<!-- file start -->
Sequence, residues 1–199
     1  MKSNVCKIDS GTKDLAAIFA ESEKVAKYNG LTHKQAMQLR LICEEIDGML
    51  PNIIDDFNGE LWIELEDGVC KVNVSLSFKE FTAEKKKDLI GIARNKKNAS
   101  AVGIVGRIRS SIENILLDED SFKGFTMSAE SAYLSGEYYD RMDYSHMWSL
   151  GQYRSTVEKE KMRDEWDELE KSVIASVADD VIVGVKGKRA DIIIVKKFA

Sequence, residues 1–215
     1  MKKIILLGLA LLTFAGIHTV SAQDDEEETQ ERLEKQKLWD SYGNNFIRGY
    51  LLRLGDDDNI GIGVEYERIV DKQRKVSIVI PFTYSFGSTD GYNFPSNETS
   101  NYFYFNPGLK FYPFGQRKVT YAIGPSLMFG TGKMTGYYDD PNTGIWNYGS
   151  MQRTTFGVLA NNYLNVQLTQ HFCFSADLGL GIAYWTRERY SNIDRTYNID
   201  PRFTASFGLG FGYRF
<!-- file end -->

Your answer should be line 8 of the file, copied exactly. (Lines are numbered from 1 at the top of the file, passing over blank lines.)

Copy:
    51  LLRLGDDDNI GIGVEYERIV DKQRKVSIVI PFTYSFGSTD GYNFPSNETS